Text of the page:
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Lollardry

Lollardry (lŏlˈyŏrdrē) [key] or Lollardy, medieval English movement for ecclesiastical reform, led by John Wyclif, whose "poor priests" spread his ideas about the countryside in the late 14th cent. The church in England was ridden with abuses, especially in the ownership and management of great ecclesiastical properties, and its apparent wealth stood in stark contrast to the miserable poverty of most of the common people. Wyclif's central doctrine of evangelical poverty was close to the actual conditions of the people and gave form to widespread discontent with the church. The Great Schism (1378) had also served to deepen the general disillusionment and to foster the belief, taught by Wyclif, that the church had surrendered its divine calling. The Bible, which a man could interpret for himself, was set up as the only reliable rule of faith and standard of holiness. Wyclif supplied his bands of preachers with portions of his translation of the Bible.

The most complete statement of the Lollard creed is in the document commonly known as the Conclusions, presented to Parliament in 1395. It denied transubstantiation; it condemned the use of sacramentals, images, prayers for the dead, and auricular confession; it spoke out against all war; and it attacked clerical celibacy and the chastity vows of nuns as unnatural. At its peak just before the turn of the century, Lollardry appealed to members of the middle and upper classes as well as to those of the lower; Oxford became an intellectual center of Lollardry.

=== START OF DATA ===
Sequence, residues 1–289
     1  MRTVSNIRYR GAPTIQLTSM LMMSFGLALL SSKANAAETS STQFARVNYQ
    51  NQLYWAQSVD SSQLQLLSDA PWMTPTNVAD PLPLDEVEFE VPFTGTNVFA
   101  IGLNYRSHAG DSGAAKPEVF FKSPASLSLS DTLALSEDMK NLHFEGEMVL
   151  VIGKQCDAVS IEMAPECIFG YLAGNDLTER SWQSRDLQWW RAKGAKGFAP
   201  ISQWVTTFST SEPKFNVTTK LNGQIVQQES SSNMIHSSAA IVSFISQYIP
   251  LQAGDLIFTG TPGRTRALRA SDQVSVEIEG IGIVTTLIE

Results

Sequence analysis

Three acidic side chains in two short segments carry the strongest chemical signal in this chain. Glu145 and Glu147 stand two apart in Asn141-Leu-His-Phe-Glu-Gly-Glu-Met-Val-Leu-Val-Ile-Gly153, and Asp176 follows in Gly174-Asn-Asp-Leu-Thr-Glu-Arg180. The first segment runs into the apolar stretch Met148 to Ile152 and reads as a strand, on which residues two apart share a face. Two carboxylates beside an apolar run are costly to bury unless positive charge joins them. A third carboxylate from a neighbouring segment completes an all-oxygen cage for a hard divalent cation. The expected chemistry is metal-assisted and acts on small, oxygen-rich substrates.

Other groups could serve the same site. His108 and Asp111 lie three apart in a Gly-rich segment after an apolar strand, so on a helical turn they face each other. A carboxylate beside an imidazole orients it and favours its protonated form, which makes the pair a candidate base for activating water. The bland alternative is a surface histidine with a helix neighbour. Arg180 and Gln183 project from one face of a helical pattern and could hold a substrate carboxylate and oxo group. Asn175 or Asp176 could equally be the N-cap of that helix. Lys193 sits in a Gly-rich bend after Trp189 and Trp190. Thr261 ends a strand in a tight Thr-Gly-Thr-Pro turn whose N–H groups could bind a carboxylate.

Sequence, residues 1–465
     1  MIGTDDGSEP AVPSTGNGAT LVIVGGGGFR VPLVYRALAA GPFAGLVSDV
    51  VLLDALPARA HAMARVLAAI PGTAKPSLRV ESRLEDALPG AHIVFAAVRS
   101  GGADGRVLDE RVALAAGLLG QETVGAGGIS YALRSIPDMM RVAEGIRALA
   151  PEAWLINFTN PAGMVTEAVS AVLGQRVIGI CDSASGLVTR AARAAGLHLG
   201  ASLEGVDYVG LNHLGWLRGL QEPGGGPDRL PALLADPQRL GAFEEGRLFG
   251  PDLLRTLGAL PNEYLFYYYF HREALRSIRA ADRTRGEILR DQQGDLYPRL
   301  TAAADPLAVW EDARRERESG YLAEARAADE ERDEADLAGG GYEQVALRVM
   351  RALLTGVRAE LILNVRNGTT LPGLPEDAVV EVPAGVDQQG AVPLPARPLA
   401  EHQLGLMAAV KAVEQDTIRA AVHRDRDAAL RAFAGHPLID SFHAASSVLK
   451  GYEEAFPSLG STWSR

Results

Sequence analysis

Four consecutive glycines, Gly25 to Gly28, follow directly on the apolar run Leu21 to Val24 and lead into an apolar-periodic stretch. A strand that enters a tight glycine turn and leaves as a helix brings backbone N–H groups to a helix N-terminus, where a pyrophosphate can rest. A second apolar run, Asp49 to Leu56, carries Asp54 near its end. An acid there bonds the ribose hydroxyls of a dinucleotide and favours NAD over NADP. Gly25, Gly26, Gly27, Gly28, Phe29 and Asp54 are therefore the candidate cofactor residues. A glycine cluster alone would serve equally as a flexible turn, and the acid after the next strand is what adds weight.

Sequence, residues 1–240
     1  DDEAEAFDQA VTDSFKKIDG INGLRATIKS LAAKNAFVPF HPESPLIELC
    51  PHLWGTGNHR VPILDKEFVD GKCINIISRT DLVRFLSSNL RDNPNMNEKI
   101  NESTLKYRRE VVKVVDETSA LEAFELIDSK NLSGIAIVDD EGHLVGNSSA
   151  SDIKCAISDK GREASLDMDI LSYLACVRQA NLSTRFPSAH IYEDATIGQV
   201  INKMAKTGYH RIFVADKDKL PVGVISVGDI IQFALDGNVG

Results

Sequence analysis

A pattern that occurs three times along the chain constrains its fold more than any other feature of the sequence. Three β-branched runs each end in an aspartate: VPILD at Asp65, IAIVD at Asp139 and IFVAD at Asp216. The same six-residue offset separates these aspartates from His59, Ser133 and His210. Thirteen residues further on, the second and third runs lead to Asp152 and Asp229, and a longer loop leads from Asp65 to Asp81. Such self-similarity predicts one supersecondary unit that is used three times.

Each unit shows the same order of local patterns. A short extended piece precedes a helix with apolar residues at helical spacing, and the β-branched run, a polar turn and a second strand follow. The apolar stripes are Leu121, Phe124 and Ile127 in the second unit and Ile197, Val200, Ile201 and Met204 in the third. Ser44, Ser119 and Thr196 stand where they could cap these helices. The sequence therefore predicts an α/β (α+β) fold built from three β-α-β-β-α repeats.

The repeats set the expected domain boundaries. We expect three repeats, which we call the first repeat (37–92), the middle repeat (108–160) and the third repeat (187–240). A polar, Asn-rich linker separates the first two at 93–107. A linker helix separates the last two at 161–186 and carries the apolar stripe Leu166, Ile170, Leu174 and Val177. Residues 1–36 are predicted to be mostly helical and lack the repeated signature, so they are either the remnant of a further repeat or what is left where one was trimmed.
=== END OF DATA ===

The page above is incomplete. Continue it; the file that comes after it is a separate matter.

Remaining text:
Severe repressive measures began with the accession (1399) of Henry IV. The statute De haeretico comburendo [on the burning of the heretic] was passed by Parliament in 1401, but burnings at the stake were actually rare. Under persecution the Lollards tended to fanaticism, and a petty rebellion broke out among followers of Sir John Oldcastle. The rebellion was easily put down (1414), and Oldcastle was executed (1417). There was another uprising, again easily suppressed, in 1431, but stricter suppression drove the movement underground, where it survived until the 16th cent. The alarm of the clergy in England over the Lutheran doctrines was partly caused by a fear that Lollardry would be revived.

It is difficult to state how much Lollardry actually encouraged the English Reformation. Undoubtedly it weakened the hold of the church on the people, and the popular use of the Bible helped to stimulate the later movement. Finally, although Lollardry knew nothing of Martin Luther's doctrine of justification by faith, it did in effect proclaim the direct responsibility of the individual soul to God—the essential idea of the Reformation.

See J. Gairdner, Lollardy and the Reformation in England (4 vol., 1908–13; repr. 1968); J. A. F. Thomson, The Later Lollards, 1414–1520 (1965).

The Columbia Electronic Encyclopedia, 6th ed. Copyright © 2012, Columbia University Press. All rights reserved.

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